LOS FELIZ neighbors call the 1926 hilltop villa the Norma Talmadge estate after the silent screen actress who reportedly once lived here. Jimi Hendrix, Dennis Hopper, Lou Reed and late rocker Arthur Lee also were former inhabitants, during some of their most creative years.

Before the 15-acre estate was cut down to less than 1 acre, it was said to be the glamorous hideaway of Hollywood icons such as Bela Lugosi and Ralph Bellamy. Years later, Johnny Depp stayed there as he was channeling Ed Wood. But Wong calls it home, one of three she owns.

For three seasons now, she's photographed her sirens, goddesses and enchantresses twinkling and fluttering in their beaded silk gowns throughout the house and grounds. To give her creations a back story, she's assembled the photos into an image book and will distribute it Sunday at her eighth consecutive appearance at L.A.'s Fashion Week -- an unprecedented run.

As the design head of a $60-million business that spans 23 countries and sells to Saks Fifth Avenue, Macy's and Neiman Marcus, Wong is one of Los Angeles' most enduring and successful fashion designers. She has built a fortune, an international empire and a celebrity following for her richly decorated party dresses, but lately it is here that she keeps her creative fires burning.

Surrounded by the house's imposing majesty, her dresses appear like gentler illustrations of Wong's color palette, design motifs and retro inspiration. Her dress designs are intricate works of art, with an aesthetic that informs her restoration of the Talmadge estate, also known as the Cedars.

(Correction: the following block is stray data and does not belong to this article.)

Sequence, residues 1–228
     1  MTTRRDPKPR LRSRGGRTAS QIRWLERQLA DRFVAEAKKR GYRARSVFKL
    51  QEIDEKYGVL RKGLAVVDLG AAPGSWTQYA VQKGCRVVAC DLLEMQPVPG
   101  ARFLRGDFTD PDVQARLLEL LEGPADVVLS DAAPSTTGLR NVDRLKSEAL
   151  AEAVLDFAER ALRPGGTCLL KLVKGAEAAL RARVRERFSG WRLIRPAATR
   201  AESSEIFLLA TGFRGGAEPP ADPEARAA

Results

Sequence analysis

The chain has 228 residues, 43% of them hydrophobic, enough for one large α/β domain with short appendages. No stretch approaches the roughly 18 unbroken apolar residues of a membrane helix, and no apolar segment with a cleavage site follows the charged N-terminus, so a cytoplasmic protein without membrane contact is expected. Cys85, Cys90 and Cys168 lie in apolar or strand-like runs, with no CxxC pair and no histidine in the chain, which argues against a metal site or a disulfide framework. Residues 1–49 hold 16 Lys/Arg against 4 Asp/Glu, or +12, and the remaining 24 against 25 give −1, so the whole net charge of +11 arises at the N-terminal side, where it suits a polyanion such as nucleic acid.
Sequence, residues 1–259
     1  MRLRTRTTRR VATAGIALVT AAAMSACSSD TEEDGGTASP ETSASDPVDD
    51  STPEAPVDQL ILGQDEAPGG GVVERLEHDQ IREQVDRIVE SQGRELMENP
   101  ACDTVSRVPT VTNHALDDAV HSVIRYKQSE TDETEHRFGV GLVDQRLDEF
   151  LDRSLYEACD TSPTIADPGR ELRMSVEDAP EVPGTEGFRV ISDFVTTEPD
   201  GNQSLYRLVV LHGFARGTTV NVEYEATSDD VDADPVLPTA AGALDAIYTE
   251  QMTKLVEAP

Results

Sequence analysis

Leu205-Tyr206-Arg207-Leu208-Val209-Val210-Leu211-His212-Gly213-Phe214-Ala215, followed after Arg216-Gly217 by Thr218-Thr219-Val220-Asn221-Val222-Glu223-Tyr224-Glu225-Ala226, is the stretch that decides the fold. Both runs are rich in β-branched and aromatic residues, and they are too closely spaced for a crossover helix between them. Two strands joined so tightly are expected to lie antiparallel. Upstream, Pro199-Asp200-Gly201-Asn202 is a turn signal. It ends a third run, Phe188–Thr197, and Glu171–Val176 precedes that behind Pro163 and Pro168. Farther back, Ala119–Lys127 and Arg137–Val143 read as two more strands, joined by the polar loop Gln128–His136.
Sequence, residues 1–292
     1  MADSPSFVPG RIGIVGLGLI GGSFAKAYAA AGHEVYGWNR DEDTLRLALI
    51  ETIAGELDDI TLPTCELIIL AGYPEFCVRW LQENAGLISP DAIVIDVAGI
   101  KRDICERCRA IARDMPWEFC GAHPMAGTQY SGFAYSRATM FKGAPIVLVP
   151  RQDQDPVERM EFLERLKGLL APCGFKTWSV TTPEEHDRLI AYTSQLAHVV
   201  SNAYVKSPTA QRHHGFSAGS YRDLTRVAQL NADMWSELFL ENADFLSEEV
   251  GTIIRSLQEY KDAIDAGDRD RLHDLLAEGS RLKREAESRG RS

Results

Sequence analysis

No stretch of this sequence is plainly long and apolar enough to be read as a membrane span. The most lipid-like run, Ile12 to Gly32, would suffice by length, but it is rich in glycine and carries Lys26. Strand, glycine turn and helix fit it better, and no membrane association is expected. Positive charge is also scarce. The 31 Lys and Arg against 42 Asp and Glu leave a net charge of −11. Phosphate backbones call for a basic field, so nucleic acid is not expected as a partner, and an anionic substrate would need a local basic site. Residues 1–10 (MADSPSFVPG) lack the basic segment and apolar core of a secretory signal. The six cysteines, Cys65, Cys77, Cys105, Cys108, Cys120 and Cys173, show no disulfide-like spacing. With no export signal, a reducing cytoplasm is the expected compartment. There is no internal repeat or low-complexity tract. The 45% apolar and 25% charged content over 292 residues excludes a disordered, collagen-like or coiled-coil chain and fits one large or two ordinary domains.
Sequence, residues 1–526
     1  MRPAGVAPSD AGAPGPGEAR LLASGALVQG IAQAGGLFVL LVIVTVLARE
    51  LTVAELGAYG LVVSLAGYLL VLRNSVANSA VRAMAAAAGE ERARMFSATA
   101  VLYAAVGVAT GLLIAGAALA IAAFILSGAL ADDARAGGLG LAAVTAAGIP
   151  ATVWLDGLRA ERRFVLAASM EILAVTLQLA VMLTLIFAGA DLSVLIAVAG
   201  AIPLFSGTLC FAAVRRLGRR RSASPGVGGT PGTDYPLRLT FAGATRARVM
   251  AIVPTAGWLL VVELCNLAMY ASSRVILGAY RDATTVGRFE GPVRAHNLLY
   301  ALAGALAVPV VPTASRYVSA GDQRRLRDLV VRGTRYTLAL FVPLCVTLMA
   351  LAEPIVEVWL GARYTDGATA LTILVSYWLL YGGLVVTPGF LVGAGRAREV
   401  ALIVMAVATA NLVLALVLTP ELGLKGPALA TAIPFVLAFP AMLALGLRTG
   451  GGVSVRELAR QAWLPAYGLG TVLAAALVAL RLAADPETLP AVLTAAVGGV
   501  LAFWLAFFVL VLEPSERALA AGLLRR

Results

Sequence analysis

The nearly 9,000-square-foot mansion had been a high-speed construction site as workers restored the many carved and gilded ceilings, some adorned with thousands of tiny gilded cherubs. Meanwhile, Wong ordered antiques from around the world, commissioned artwork and designed custom-beaded curtains, lamps and furniture.

"This is the quintessential vintage Hollywood home," says Wong as she begins a tour of the five-bedroom structure, patterned after a 17th century Venetian palazzo. "It's like a movie set, a fabulous one."

Indeed, it's easy to imagine a progression of stars and their admirers dancing in the ballroom, sunning in the solarium and, during the house's hippie heyday, rock stars, sloshed and supine, staring at the many elaborate ceilings -- one a solid stretch of carved acanthus leaves covered in gold leaf, framed by painted scrollwork and dozens of roaring, golden lion faces.

Wong frequently hears tales of the parties, large and small, these walls contained. She even dedicated a purple, Moroccan-themed bedroom suite to Hendrix, who reportedly wrote "Purple Haze" in the violet bathroom.

"Having bought the house, I felt it was my responsibility to be its chatelaine, to be its guardian or caretaker," she said. The effort made the place uninhabitable for a year and a half and cost, says Wong, "in the hundreds of thousands."

Ironically, Wong wasn't looking for a decorating project when she and her business partner and longtime companion, Dieter Raabe, bought the house. They wanted a simpler life and a faster route to their downtown L.A. offices.

"Dieter still considers our house in Malibu our main residence," says Wong. "We found we were losing 80 hours per month for commuting."